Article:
She chose to work at the day care facility to earn extra income, as this position simultaneously allowed her to the work with children. She too countered a negative experience related to favoritism in the workplace. Several employees regularly took extra long breaks, but never received any reprimands, particularly if the break buster was close to the director. Although this was in a sense, a minor issue, as it was not ever countered, it expanded into a problem issue for this is an incidental other employees. Bringing concerns to the director, however, would have likely triggered more problems; so instead, this woman wrote a note expressing her concerns about the abuse of break times. She also related positive ideas parents had shared with her and placed them in the suggestion box.. (Folger, 2003)

As time passed, nothing was done. When this worker shared her concerns with the director, the director advised this worker that nothing could be done as the owner, who made the decisions, rarely visited the daycare. If the director had initiated some sort of solution to this worker's concerns, acknowledged parents' ideas, however adhered to the employee handbook's rules, this employee, more than likely would not have sought another job. When a boss closes his/her eyes to even small offenses, in time they may escalate to critical proportions. A boss who intentionally closes his/her eyes, Folger (2003) stresses, is not going to see things that may be blatantly wrong. Another male who worked for a local maintenance firm stated he likes his job, however, one thing constitutes a problem for him - one boss. This particular policy would state he had a lot of work to do, nevertheless when this employee walked into his office, we would see this boss treating sleeping. Although these scenarios they appear insignificant in a sense they confirm the point Folger (2003) argues: bosses are being watched. Jean-Louis Barsoux (2005), author of "How bosses reveal their attitudes towards employees: can you tell if your boss really has faith in your ability to solve problems and manage your operation? If you think you can, chances are that the people reporting to you can also read your behavior. Your low expectations may have more impact on them than you think," reports that research with thousands of executives from various parts of the world contend that bosses' behaviors prove to be basically universal. Barsoux (2005) also purports, as Folger (2003), that employees notice what bosses and can see through a mask he/she may wear. Barsoux (2005) facetiously refers to recent Pygmalion studies; in which new supervisors are told one group, of employees assigned to them, possess more potential than the other. The supervisor's negative expectations regarding the "better" group's capabilities "produce real performance differences over time, suggesting that employees tend to adjust up or down to the expectations of their superiors" Additional research related to self-efficacy indicates that when a person's confidence is undermined, he/she experiences decreased perseverance when countering challenging problems, as well as in recovery from set-backs. This research complements work completed by Barsoux (2005) which reveals that "employees who feel under-rated or less appreciated by their boss typically end up responding in one of two ways:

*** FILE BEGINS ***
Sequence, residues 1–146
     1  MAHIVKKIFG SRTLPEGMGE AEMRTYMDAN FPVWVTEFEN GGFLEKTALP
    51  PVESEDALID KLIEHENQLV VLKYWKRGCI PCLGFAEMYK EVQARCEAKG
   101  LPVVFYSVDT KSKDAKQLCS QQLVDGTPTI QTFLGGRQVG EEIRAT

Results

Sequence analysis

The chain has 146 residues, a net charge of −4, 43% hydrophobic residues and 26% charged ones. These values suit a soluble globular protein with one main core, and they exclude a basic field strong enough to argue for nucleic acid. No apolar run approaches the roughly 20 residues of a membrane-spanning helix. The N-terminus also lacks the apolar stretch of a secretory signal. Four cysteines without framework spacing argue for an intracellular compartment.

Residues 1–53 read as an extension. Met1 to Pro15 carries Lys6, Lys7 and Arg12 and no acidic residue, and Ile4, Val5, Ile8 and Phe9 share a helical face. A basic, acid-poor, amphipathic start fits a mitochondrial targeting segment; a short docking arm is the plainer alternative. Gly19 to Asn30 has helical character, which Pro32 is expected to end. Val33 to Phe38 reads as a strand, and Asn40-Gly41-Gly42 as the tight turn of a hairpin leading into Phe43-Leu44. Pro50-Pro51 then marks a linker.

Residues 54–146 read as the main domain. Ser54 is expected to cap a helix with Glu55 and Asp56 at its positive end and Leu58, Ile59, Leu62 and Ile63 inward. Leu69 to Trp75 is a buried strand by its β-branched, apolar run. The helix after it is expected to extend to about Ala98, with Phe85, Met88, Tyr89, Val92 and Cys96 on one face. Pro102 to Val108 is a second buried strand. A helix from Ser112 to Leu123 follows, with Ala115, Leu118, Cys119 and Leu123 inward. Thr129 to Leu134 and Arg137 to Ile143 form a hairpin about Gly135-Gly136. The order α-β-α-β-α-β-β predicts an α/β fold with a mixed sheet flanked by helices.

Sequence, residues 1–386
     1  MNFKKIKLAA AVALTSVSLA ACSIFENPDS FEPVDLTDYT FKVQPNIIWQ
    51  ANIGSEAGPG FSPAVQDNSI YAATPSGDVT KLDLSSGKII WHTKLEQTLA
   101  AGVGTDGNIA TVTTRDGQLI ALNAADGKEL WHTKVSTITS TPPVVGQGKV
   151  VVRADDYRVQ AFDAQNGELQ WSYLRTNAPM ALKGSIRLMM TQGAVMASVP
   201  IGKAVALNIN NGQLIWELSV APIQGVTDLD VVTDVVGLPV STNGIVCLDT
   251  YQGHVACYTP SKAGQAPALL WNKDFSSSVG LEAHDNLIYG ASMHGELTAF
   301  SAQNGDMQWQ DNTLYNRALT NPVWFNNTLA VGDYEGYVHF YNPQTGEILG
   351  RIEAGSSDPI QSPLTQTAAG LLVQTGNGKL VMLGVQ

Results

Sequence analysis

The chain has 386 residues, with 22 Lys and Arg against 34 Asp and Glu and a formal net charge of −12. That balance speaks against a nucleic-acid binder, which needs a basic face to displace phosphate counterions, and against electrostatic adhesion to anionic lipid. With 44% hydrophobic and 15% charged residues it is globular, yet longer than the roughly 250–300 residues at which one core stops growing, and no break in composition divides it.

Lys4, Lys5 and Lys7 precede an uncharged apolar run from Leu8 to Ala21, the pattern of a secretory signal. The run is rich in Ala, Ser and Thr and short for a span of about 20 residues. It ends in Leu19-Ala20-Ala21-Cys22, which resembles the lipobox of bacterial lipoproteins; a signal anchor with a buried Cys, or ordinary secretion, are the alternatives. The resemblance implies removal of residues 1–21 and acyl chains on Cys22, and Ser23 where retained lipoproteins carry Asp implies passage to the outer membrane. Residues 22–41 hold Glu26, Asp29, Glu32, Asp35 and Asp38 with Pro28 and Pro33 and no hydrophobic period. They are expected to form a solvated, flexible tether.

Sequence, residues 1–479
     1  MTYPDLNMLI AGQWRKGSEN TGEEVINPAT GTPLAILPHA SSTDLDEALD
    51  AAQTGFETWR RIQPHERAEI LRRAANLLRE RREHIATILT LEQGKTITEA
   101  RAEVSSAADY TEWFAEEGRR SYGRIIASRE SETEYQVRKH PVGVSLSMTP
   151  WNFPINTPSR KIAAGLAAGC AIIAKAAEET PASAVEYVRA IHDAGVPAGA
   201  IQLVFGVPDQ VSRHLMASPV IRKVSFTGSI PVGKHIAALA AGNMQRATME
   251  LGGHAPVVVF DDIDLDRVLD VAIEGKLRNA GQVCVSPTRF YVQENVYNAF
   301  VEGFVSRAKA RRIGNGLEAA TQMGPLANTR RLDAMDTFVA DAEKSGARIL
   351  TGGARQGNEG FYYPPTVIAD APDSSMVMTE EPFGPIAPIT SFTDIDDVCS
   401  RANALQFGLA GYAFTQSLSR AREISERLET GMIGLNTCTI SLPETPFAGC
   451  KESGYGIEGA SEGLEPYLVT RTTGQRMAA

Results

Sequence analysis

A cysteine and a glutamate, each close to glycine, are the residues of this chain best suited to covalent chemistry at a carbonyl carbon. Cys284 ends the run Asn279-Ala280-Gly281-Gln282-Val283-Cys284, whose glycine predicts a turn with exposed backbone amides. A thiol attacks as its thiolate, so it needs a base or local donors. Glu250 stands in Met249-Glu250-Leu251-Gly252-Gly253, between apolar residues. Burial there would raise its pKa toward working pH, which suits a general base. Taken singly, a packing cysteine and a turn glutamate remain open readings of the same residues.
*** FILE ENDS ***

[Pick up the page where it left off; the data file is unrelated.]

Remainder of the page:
Disconnecting from the boss: This typically follows unpleasant exchanges between a boss and an employee. One disconnected employee states: "I used to initiate much more contact with my boss until the only thing I received was negative feedback; then I started shying away." (Barsoux, 2005)

Disconnecting from the job: When employees are treated as weaker performers, they may intellectually withdraw from their duties, along with experience a loss of passion for their work, enthusiasm or initiative. One interviewee, Barsoux (2005) notes, feels like a robot as her boss tells her how to execute every minute detail.

What about a boss' leadership style influences some subordinates to feel "less equal' than other employees and/or conveys low expectations? notes a question Barsoux's (2005) work purports. Bosses, albeit "good or bad," frequently send comparative signals to subordinates, who are clearly highly sensitive. The following, albeit, represent some negative signals "a bad boss," might send:

The urge to advise: A "bad boss" verbalizes unsolicited suggestions; negating to ask the subordinate what he/she has already tried or plans to do.

The offer you can't refuse: A "bad boss" tends to propose instructions too aggressively.

The disregarded idea: A "bad boss" solicits employees' input, but then does not follow through with responding to or acting on employees' input.

The trick question: A "bad boss" will sometimes ask questions for which they already know the answer, just to test subordinates' understanding.

The asymmetry of a feedback: A "bad boss" and primarily focuses on the negatives.

Presumption of guilt: A "bad boss" utilizes tones, which resembled… [END OF PREVIEW] . . . READ MORE

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Characteristics of a Bad Boss.  (2007, May 3).  Retrieved September 24, 2021, from

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"Characteristics of a Bad Boss."  May 3, 2007.  Accessed September 24, 2021.